July 26, 2021

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Successful International Coastal Cleanup despite the pandemic

Cleanup volunteers were able to remove more than 13,000 pounds of waste in 41 municipalities

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San Juan – Despite an unprecedented scenario due to Covid-19, more than 1,400 volunteers who responded to the call of the Scuba Dogs Society (SDS) managed to remove over 90,000 items during the 2020 International Coastal Cleanup along beaches, rivers, reservoirs and streams of Puerto Rico, reported Ana Trujillo, executive director of the organization.

“We are extremely grateful and proud of the allied individuals and institutions that this year, despite the threat and inconvenience caused by the COVID-19 pandemic, underwent a rigorous registration, training and cleaning process. following strict health and safety measures ”, highlighted the marine biologist.

“Thank you all today we can celebrate that uninterruptedly for 18 years, and despite hurricanes, earthquakes and pandemics, Puerto Rico has participated in the International Coastal Cleanup instituted by the Ocean Conservancy and carried out in more than 100 countries,” he added.

Trujillo explained that — according to preliminary reports from the four clean-ups carried out this year — 1,438 volunteers in 41 municipalities removed 90,309 items found along some 245.53 miles of coastline, and whose weight reached 13,322.98 pounds.

The estimates were calculated through the Clean Swell app, developed by the Ocean Conservancy and used locally this year.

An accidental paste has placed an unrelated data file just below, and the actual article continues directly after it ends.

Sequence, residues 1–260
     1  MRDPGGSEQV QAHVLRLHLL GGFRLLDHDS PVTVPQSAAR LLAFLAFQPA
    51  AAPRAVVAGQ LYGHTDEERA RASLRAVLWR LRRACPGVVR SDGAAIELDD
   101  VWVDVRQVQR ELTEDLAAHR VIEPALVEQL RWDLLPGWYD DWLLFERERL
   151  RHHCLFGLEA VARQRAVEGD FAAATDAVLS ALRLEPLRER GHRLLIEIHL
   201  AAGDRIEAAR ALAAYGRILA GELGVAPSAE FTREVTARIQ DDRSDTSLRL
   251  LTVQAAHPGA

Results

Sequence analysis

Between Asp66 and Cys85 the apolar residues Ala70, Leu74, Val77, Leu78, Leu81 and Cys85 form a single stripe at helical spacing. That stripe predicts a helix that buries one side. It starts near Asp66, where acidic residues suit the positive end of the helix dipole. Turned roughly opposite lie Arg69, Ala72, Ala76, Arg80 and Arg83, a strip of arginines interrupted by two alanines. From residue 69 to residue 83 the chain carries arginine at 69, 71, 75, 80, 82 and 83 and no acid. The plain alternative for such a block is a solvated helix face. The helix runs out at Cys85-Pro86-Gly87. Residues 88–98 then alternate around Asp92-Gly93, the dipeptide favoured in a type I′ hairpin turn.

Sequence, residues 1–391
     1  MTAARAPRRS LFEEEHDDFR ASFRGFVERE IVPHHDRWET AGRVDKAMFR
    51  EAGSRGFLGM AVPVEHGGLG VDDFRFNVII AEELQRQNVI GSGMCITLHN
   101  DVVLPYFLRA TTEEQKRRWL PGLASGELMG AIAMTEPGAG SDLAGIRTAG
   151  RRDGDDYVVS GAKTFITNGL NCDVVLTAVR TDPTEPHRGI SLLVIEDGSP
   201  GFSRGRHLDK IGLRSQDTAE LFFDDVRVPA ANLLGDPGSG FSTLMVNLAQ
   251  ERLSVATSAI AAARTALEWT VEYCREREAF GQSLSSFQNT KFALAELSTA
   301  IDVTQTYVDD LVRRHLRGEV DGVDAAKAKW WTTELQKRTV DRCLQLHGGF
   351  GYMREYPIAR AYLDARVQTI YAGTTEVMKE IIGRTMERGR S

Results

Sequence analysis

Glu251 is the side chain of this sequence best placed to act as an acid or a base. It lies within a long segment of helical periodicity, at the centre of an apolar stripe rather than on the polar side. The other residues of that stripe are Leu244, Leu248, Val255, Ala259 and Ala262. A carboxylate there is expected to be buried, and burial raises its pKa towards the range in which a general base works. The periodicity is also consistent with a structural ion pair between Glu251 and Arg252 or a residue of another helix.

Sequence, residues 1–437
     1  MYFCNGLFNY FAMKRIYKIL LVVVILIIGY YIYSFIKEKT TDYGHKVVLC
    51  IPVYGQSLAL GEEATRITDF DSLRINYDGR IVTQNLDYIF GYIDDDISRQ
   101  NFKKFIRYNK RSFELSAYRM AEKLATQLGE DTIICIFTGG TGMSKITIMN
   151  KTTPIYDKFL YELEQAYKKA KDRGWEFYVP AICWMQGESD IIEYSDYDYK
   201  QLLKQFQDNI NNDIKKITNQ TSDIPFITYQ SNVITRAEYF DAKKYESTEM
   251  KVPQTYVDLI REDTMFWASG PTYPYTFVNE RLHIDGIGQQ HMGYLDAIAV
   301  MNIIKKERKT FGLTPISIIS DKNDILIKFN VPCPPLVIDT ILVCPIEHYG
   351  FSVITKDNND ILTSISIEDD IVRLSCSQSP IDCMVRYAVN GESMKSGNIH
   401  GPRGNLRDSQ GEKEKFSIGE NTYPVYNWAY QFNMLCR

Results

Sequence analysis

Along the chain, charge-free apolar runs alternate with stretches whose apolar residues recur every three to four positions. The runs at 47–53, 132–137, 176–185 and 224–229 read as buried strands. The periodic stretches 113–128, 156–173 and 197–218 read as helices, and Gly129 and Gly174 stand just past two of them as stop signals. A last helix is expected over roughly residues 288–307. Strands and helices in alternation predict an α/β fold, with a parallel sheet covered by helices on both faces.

“We were surprised by the number of miles covered and the work they did, clear evidence of the energy displayed by our volunteers, who exceeded our expectations for this year, which were lower due to the controls we should have given the complex reality that our planet lives. for the pandemic declared last March ”, explained the executive director.

The marine biologist also highlighted the trust, persistence and commitment shown this year by sponsors, partner organizations, municipalities, the government of Puerto Rico, coastal captains and other volunteers.

“They deserve our loudest applause,” he said.

He recalled that this year the work protocol was reengineered to guarantee the health and safety of the participants in the face of the COVID-19 pandemic.

Instead of cleaning in a single day (the third Saturday in September), as is usually the case, controlled cleanings were carried out on the first four Saturdays in October with a maximum of 30 people per coast, organized in groups of five or less, all wearing masks, as well as gloves (an item used every year) and other disinfection materials.

“None of this would have been possible without the excellent work of the Scuba Dogs Society internal team and the members of our Board of Directors, who at all times supported us to lead this unprecedented event,” Trujillo also acknowledged.

The multisectoral alliance led by Scuba Dogs Society, the official organizer in Puerto Rico of the International Coastal Cleanup, allowed Puerto Rico to be ranked number 13 in the world in mobilizing volunteers in 2019, with more than 12,000 people.

The data collected during each International Coastal Cleanup event allows documenting the problem of poor disposal of solid waste for research purposes, development of public policies, as well as strategies for citizen education and control of a problem that is global.

“Thanks to the work of our people and the joint efforts of various organizations, year after year we can show the disproportionate consumption and excessive use of plastics, one of the main pollutants in bodies of water. What allows us to affirm this? The fact that eight of the ten types of waste recovered by volunteers and classified by the Ocean Conservancy are plastic ”, illustrated the scientist.

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